Repeat step #3 and see if all four modes on the blower switch work. If all four modes still do not click, then you have a fault in the wiring of your Jeep and would be better off taking it to a licensed technician for repairs. If all modes work, but you are not getting warm air in your vehicle when turning on the heater, flush your heater core.

9. Clogged or Defective Heating Controls

Another thing worth inspecting if you have sufficient coolant levels in your engine and no obstruction is in your heater core is a non-working heating control. Although one of the least suspected causes, gummed-up or non-working heating controls can be the reason why your Jeep heater is not working. And if your Jeep is a 1987 model, this is very likely to happen. While you’re at it, check under the hood and examine the condition of your heater control valve. It is another vital component of your vehicle’s cooling system, acting as the switch that turns the heat inside your cabin on and off. This switch must work properly for your heater to blow warm air inside your vehicle.

10. Faulty Blower Motor or Resistor

As its name suggests, the blower motor is in charge of blowing air across the heater core, through the ventilation system, and into your vehicle’s cabin. You may still get warm or cool air through the vents when this component fails. However, the air pressure it will give off would be noticeably lower regardless of the fan speed you select. Sometimes, it may even work only at certain speeds. You know there is a problem with your resistor and no longer with the blower motor when this happens. Either that or you may be dealing with a blown fuse or faulty power relay.

1A Auto: Repair Tips & Secrets Only Mechanics Know discusses how to correctly determine which between the blower motor and resistor is causing heat to stop working in your car:

11. Obstructed Vents

Closed or clogged vents can make you feel like your heater is not producing enough heat, as some of the hot air cannot pass through the vents into your Jeep’s cabin. Fins or louvers that are jammed shut or stuck in the closed position do the same. So, before you jump into troubleshooting more difficult items in this list, make sure that the fins or vents of your heater are not dirty, damaged, or badly in need of a replacement. You may also want to replace that carpet with an all-weather floor mat or liner like Rugged Ridge All Terrain Floor Liner Kit (view on Amazon) to cover your floorboards.

12. Dirty Air Filters

Out of everything enumerated in this guide, this is the least likely cause of a bad heater. However, we cannot disregard the fact that dirty air filters lead to airflow problems and prevent heat from effectively moving through the vehicle ductwork and passageways into your cabin. When airflow is restricted, you may feel like not much heat is coming off your heater – even if there is nothing wrong with your Jeep’s cooling system.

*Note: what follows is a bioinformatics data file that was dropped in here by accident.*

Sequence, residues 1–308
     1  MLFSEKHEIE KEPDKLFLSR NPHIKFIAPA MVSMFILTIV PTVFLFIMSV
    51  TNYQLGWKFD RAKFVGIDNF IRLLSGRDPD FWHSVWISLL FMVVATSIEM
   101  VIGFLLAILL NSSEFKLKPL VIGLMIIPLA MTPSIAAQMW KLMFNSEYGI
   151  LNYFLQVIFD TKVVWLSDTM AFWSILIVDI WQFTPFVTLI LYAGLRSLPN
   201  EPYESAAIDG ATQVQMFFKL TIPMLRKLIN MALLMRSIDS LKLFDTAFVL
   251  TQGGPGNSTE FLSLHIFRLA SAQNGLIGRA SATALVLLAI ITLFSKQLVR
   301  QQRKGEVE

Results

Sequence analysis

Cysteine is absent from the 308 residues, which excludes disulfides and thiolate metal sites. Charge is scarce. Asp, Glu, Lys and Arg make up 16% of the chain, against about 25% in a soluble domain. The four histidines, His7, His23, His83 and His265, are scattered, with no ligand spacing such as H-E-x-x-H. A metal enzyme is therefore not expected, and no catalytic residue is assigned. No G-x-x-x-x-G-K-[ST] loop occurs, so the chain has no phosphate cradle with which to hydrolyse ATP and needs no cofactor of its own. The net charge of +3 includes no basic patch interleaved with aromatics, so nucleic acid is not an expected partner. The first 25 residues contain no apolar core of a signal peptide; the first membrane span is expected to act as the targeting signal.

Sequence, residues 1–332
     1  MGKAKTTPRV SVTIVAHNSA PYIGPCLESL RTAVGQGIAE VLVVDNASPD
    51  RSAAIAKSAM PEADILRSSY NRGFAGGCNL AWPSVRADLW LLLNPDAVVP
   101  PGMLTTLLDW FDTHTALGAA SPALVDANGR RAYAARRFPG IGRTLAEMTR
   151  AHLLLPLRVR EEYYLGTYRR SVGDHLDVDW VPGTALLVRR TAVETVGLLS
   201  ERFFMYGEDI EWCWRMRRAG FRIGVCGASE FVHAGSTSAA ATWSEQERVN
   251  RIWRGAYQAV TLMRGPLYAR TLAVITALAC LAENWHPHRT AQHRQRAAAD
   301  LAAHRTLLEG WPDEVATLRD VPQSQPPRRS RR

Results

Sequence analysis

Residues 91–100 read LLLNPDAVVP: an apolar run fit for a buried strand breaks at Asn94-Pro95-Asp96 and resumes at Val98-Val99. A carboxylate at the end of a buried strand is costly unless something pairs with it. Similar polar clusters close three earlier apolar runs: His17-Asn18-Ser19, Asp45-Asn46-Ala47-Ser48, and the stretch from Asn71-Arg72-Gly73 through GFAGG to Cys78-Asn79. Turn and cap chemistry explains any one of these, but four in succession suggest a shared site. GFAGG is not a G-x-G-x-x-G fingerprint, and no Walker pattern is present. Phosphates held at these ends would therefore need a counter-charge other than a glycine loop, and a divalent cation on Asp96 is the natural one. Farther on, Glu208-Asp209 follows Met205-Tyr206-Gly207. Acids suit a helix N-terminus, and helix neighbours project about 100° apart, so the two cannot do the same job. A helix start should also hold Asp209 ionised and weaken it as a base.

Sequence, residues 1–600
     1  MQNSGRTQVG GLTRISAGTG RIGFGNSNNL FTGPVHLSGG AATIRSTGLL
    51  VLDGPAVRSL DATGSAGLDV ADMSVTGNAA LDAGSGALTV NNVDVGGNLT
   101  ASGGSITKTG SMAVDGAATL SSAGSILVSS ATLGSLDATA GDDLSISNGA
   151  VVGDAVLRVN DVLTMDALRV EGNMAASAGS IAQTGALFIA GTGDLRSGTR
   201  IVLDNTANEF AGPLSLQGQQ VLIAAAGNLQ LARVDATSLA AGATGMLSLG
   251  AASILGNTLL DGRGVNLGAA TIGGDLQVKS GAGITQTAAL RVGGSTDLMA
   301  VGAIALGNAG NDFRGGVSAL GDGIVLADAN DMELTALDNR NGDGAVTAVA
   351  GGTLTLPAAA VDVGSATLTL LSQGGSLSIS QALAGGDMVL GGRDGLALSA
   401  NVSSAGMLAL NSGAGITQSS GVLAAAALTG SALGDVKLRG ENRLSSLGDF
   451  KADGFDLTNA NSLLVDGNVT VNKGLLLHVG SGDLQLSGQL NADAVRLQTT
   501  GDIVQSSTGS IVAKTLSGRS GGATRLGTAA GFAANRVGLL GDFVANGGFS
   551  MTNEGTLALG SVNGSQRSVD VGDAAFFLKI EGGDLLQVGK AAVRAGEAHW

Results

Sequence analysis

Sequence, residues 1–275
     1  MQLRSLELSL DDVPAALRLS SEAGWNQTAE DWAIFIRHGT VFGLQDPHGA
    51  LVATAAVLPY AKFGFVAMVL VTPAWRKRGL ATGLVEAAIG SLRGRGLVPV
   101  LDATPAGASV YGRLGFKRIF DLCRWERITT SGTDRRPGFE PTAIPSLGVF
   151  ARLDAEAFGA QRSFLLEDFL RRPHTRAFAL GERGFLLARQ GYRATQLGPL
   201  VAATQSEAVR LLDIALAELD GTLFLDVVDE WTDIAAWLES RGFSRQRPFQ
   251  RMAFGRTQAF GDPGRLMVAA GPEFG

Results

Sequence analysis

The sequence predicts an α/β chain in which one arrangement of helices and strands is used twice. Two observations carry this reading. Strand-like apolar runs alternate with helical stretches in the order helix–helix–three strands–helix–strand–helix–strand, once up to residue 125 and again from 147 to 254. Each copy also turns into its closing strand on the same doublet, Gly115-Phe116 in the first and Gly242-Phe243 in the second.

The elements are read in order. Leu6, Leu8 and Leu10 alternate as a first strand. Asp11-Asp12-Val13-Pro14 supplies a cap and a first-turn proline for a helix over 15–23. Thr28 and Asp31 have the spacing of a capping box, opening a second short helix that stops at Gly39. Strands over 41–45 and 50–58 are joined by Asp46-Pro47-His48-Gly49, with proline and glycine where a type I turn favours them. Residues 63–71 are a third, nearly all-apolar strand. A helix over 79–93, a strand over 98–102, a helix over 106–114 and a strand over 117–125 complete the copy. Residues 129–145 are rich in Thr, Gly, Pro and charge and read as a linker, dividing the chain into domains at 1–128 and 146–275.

13. Bad Casting Process

Based on collective data from Jeep forums and CarComplaints.com, this seems to be a known issue for 2007 – 2017 Jeep Wranglers. For owners with affected vehicles, the problem started with their Jeep Wrangler heater core not working. The vents on the driver’s side (left) were particularly not blowing warm air. There were also cases where the heater would work perfectly fine when air is on recycle but not when normal air was used.

Something was warped from the inside of the vents. And as it turned out, excess sand was left from the engine casting during the manufacture of the Jeeps. Consequently, this residual sand circulated through the vehicle’s cooling system and eventually formed a sludge-like buildup that settled in the heater core, radiator, and oil cooling systems. Jeep owners who were fortunately still within warranty when they encountered the problem did take their vehicles to Chrysler’s service department for repair. Those who were not so fortunate had to shell out between $600 and $2,500 in repair costs to get their tank ready for the next winter.

A complete tear-down had to happen for the service department to access cylinder heads and other components. Additionally, the entire engine block, including the heater core, had to be flushed. Worse, some Wrangler owners even needed a new heater core, water pump, and radiator (despite the thorough clean) due to the severity of engine damage the sludge from the casting sand had caused.

Conclusion – Reasons Behind Your Jeep Heater Not Working

Jeep Interior Dashboard Instrumentation

To review, here are the 13 most common causes of a non-working Jeep heater:

  1. Heater core difficulties
  2. Insufficient coolant
  3. Blend door actuator failure
  4. Dysfunctional thermostat
  5. Water leaks
  6. Contaminated coolant
  7. Water pump issues
  8. Melty blower switch
  9. Clogged or defective heating controls
  10. Faulty blower motor or resistor
  11. Obstructed vents
  12. Dirty air filters
  13. Bad casting process

Seeking assistance from a reputable auto repair shop or professional technician after you have exhausted all the initial troubleshooting shared in this guide will help stop the recurrence of your Jeep’s heater problem. Additionally, through inspection of secondhand Jeep purchases, religious upkeep, adherence to manufacturer recommendations, and proper vehicle care can save you unnecessary headaches and expensive repair costs.

Kris Peter

Adventure seeker and off-road enthusiast. I love the thrill of going off-road and taking on the elements.